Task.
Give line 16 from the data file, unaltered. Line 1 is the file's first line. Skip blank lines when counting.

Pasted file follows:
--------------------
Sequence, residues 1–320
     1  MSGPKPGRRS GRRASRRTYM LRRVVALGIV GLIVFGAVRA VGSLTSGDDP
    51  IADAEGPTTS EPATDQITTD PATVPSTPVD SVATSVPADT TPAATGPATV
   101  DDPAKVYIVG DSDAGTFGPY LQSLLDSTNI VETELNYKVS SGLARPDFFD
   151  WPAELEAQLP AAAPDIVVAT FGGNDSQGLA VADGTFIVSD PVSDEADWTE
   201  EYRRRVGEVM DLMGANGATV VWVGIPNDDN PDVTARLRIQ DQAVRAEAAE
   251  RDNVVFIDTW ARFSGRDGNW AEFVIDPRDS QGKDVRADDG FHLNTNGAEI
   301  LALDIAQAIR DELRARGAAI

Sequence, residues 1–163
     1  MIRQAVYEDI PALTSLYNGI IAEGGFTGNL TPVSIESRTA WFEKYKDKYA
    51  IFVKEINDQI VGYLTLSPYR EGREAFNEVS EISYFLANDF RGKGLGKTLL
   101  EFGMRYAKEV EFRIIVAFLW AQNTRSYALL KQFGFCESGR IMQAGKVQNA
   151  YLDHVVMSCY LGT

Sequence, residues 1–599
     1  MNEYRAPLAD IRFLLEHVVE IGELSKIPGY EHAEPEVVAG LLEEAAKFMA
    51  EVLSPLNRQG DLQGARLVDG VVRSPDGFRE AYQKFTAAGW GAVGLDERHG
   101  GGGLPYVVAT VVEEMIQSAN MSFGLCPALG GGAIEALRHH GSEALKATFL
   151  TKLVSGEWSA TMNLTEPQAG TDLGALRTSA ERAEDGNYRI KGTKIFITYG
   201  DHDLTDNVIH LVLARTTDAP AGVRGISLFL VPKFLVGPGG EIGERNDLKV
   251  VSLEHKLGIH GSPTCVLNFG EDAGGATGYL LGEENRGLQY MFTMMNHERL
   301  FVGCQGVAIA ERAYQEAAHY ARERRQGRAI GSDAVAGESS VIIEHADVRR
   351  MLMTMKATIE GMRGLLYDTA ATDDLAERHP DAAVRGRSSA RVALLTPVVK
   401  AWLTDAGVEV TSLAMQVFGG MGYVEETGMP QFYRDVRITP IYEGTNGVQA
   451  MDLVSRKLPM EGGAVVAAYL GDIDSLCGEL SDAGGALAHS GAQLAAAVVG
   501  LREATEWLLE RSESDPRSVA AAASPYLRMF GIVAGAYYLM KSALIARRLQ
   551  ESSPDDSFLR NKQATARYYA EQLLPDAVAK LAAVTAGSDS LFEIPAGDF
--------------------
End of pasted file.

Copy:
    51  EVLSPLNRQG DLQGARLVDG VVRSPDGFRE AYQKFTAAGW GAVGLDERHG